Faculty of Education - Theses

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    Intrinsic value and education
    Barnes, Meredith Rachel ( 1994)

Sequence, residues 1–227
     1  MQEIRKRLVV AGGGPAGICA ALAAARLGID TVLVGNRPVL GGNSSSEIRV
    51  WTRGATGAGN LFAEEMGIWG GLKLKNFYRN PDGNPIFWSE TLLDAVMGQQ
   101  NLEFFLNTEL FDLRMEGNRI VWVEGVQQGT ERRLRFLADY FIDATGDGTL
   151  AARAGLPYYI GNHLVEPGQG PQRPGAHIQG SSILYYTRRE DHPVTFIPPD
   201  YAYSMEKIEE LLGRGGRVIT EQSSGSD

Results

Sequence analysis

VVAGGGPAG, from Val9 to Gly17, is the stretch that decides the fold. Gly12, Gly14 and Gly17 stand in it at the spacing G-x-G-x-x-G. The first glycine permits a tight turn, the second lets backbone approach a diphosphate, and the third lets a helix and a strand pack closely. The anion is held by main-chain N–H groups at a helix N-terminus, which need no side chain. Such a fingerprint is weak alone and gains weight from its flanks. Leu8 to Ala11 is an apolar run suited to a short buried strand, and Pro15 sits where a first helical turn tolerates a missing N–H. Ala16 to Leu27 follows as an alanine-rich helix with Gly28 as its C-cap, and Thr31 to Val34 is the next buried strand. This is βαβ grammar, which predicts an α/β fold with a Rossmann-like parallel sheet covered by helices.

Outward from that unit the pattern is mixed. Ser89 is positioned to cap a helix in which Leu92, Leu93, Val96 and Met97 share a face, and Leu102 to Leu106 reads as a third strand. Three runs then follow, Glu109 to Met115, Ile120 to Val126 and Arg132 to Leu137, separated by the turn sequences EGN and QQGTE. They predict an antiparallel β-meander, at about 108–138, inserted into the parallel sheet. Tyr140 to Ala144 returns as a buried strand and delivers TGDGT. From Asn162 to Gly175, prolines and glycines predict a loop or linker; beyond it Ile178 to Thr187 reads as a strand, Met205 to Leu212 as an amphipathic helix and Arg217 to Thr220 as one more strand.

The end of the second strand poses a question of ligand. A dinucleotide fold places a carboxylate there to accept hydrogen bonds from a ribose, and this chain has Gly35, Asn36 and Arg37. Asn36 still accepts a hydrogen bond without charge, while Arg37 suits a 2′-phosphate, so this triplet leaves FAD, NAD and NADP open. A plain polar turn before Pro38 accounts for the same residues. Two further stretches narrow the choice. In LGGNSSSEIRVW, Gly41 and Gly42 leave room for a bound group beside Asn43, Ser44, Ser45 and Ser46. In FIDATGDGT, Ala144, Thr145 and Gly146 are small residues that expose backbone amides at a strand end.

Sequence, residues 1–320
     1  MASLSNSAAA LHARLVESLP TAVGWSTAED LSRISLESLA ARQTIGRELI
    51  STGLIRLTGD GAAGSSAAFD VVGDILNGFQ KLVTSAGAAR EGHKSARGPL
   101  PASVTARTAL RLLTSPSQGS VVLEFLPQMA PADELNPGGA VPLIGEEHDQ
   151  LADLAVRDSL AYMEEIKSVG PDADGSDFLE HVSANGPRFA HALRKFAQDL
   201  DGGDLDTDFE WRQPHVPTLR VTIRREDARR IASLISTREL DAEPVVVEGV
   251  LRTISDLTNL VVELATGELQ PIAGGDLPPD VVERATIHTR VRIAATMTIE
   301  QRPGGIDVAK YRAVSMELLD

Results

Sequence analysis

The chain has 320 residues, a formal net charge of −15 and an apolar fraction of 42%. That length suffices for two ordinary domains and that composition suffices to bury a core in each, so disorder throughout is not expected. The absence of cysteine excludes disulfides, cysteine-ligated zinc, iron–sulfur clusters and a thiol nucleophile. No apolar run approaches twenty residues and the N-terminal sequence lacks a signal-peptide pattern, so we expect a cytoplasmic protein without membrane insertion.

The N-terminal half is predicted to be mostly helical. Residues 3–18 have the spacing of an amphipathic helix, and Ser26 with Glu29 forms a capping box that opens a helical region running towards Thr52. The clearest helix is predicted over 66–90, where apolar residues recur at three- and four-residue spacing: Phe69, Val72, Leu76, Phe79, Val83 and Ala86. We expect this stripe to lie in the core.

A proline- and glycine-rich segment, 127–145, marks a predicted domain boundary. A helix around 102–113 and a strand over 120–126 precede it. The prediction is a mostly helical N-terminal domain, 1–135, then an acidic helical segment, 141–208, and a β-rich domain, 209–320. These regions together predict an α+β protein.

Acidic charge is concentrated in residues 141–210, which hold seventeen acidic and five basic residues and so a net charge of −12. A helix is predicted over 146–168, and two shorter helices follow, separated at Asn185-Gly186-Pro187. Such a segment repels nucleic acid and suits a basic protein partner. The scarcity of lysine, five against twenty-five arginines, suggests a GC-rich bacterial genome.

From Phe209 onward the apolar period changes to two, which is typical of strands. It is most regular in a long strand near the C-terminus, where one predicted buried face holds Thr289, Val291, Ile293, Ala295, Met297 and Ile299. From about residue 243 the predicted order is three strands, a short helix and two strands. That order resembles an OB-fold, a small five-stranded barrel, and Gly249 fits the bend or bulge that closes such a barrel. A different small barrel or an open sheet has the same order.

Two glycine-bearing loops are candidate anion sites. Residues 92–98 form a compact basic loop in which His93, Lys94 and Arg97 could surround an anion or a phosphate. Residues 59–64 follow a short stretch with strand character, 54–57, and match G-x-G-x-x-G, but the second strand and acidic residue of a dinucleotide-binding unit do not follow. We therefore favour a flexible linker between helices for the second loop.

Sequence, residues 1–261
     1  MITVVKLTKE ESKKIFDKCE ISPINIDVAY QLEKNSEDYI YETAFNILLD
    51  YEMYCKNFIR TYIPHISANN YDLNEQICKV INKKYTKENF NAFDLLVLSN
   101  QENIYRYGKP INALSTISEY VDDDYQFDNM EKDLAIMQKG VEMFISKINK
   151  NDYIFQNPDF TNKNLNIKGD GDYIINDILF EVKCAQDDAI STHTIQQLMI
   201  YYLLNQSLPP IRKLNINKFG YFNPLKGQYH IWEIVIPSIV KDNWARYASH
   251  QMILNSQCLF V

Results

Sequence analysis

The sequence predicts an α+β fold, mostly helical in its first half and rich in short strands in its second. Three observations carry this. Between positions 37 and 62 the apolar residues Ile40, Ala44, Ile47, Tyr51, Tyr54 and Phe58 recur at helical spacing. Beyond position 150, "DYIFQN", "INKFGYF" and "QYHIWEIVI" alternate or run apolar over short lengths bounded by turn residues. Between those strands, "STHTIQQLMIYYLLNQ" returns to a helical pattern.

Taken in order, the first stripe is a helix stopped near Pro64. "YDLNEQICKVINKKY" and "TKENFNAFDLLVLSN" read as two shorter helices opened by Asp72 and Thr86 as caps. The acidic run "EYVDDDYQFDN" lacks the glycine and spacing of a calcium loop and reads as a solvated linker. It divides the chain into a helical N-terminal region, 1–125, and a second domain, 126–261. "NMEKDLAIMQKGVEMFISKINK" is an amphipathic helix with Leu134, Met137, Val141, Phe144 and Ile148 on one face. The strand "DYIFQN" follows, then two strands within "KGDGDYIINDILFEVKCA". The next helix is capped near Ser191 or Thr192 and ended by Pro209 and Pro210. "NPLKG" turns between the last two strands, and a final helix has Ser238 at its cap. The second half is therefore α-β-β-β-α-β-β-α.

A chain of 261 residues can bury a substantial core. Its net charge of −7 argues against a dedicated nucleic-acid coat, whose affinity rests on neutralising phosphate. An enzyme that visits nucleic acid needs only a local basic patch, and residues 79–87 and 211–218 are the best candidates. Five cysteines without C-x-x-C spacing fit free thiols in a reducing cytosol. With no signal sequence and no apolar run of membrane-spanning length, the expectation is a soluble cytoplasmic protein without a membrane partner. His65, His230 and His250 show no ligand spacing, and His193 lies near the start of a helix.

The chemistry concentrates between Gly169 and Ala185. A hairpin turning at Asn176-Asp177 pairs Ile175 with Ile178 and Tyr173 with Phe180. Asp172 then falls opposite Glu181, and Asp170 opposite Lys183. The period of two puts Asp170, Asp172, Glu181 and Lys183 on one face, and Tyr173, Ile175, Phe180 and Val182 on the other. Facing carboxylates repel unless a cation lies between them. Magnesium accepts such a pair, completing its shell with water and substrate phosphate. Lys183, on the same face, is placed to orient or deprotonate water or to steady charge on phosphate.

The object of this enquiry was, firstly, to investigate the nature of intrinsic value, and, secondly, to discover what relationship, if any, it has with education. While intrinsic value remained difficult to actually define, several broad senses of the term were identified. That is, value of something as part of its intrinsic nature, value of something for its own sake as distinct from value due to something else of value to which it leads, and the prima facie sense of value attaching in the first instance to certain basic kinds of experience instinctively judged to be good or bad. Two broad approaches as to how value, and intrinsic value in particular, is conceived were identified, these being the objective and subjective approaches respectively; and much of Part I was occupied with examination and comparison of the different problems encountered by each. While the objective approach was held to be relatively untenable, due to its lack of assimilation of the inalienable element of human cognition in the meaning of value, the subjective approach was considered not to offer an acceptable alternative in the relativistic form in which it is generally known. An alternative version of the subjective approach was suggested, which provides a more stable and enduring foundation than can relativism, while incorporating the agent-basing element of value. Under this alternative approach, intrinsic value can be identified in the latter two senses in which the term is used. The views of three educationalists were considered, of whom two (Plato and Rousseau) have specifically accorded instrumental value to their respective conceptions of education, while the third (R. S. Peters) has related intrinsic value to his. It was found that this relationship is one of conceptual necessity, which offers little further enlightenment as to the nature of intrinsic value, yet indicates that such a relationship is nevertheless possible.